“No artificial colors.” “Good source of fiber.” “Contains sea salt.” All these package claims and more might make you snatch a product off the supermarket shelf and feel virtuous about doing so.

“Food manufacturers use every possible word they can to magnify the desirability of a product,” says Walter Willett, M.D., professor of epidemiology and nutrition at the Harvard T.H. Chan School of Public Health. And that language can lead you to believe you’ve picked something that’s going to make you healthier—even though what’s inside that box may not be all that good for you.

Companies have to carefully choose their marketing pitches because some terms are regulated by the Food and Drug Administration, such as low-sodium (meaning the food has 140 mg or less per serving) or “good source of” (meaning it provides 10 to 19 percent of the daily value for a nutrient).

Little wonder, then, that food marketers strive to come up with healthy-sounding slogans that fall outside FDA regulation. It unfairly falls to shoppers, says Willett, to sleuth out what truly makes a food healthy. “Turn the package around,” he says, “and read the ingredients and nutrition facts label, paying attention to crucial things like sodium, sugar, whole grains, type of fat, and calories.” And watch out for front-of-package tricks like these.

More on Healthy Eating

Beware: When You See a Nutrient Claim, Such as 'Good Source of Calcium'
Calling out just one or two nutrients can mislead consumers to assume one product is healthier overall than another. For instance, highlighting the calcium content on plain yogurt is one thing because overall, plain yogurt is a healthy food and calcium is naturally present. But a calcium claim on a cookie? It might make you feel better about eating it, but there’s probably little benefit. For example, Stella D’oro Breakfast Treats carry the claim “good source of calcium,” and the product does supply 10 percent of the daily value for calcium from added calcium carbonate. But with 90 calories, 6 grams of sugars, and zero fiber, the cookie is far from a health food.

Beware: When the Name of the Product Itself Sounds Healthy
The nutrition count of Simply Lay’s Sea Salted potato chips is practically identical to Lay’s Classic potato chips, with just 10 fewer grams of sodium. Quaker Oats Select Starts Protein instant oatmeals have 10 grams of protein per packet (from added whey protein), but also 12 to 13 grams of sugars. Or consider Stoned Wheat Thins: The word “wheat” in this product name may be confusing, leading consumers to believe they’re getting a whole-wheat cracker. But this one is made with white flour plus a smattering of cracked wheat, and consequently has about a third of the fiber of a true whole-wheat cracker.

Beware: When the Package Is Plastered With Healthy Buzzwords
They can catch your attention, but you can’t rely on buzzwords to be a shortcut to finding a healthy food. In some cases, the food may contain so little of the ingredient that it’s irrelevant nutritionally. For example, the dehydrated vegetables in roasted vegetable Ritz crackers, which tout “made with real vegetables” on the package, don’t change the nutritional makeup of the crackers much at all compared with regular Ritz. Refined wheat flour is the first ingredient listed in both, and each serving has 80 calories and no fiber. In fact, the veggie crackers have 150 mg of sodium per serving compared with 105 in the regular version. And candy labeled “made with real honey,” as Brach’s candy corn is, may be making a true claim. But honey is a form of added sugar and, in this case, the candy also has four other types of sugars (sugar, corn syrup, confectioner’s glaze, and dextrose), for a total of 28 grams of sugars per serving. This warning applies when the package alerts you to what’s not there, too. For example, Log Cabin pancake syrup proclaims “no high-fructose corn syrup,” but the top three ingredients are corn syrup, water, and sugars, meaning it’s still full of added sugars.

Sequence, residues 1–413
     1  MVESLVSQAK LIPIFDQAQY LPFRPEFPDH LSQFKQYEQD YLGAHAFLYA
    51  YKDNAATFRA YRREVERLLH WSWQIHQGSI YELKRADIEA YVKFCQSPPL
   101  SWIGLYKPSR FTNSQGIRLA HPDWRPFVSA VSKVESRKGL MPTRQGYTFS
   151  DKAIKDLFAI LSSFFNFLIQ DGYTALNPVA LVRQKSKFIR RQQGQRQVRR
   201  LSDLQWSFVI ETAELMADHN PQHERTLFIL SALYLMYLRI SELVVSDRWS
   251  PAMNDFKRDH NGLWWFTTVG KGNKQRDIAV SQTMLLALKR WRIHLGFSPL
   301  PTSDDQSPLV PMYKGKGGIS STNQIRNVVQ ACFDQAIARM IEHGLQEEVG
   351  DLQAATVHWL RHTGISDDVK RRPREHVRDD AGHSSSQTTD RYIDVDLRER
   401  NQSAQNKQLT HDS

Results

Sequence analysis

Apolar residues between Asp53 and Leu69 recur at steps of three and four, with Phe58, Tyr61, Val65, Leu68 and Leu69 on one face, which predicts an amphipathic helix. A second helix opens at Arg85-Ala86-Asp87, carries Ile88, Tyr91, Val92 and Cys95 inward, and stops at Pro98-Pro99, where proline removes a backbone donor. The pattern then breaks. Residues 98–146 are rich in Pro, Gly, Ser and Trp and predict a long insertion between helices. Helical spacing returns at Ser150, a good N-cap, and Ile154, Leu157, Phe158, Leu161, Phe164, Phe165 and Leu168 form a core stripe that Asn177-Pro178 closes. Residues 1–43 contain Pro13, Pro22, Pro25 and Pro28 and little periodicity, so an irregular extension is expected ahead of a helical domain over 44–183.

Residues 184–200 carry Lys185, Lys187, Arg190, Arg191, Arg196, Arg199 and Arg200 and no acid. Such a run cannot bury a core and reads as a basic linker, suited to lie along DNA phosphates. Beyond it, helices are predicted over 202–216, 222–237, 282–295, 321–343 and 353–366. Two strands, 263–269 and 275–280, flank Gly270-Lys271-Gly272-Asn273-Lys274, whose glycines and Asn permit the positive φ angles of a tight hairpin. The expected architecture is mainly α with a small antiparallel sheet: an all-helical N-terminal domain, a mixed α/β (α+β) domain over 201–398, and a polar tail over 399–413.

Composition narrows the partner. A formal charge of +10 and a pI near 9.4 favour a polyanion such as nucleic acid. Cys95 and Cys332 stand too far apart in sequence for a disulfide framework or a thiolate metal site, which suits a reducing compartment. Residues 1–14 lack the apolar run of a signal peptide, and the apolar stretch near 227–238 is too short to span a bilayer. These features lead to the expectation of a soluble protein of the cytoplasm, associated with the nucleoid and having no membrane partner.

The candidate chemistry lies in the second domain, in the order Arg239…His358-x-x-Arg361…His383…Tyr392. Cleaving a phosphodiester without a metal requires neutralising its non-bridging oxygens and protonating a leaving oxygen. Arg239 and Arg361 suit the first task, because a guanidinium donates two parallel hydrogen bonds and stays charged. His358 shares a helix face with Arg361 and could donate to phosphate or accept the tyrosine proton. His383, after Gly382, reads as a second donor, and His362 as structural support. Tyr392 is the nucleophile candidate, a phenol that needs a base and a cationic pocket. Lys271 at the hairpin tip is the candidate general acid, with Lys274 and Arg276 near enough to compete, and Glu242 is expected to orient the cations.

Beware: When the Words 'Simple,' 'Natural,' or 'Free From' Are Used
So-called clean labels are increasingly popular. “Consumers want simpler formulas, with ingredients that they can easily understand and fewer or no processed ingredients,” says Francine Schoenwetter, director of content at New Hope Network, a research firm. “Label claims such as ‘simple’ and ‘natural’ don’t have to be verified,” says Charlotte Vallaeys, Consumer Reports’ senior policy analyst and food labeling expert. You need to look closely to see whether the manufacturers’ definition of the terms matches yours. Kozy Shack Simply Well chocolate pudding touts that it is made with simple, wholesome ingredients, but most people probably wouldn’t consider inulin (a type of added fiber), sucralose (an artificial sweetener), and carrageenan (a thickener) “simple.” “Free from” claims, such as no artificial colors, must be truthful. But the food can still be less than healthy. For example, Kraft Macaroni and Cheese proudly proclaims “no artificial flavors, preservatives or dyes” on the package. However, each cup prepared contains 720 mg of sodium.

Editor's Note: This article also appeared in the November 2017 issue of Consumer Reports magazine.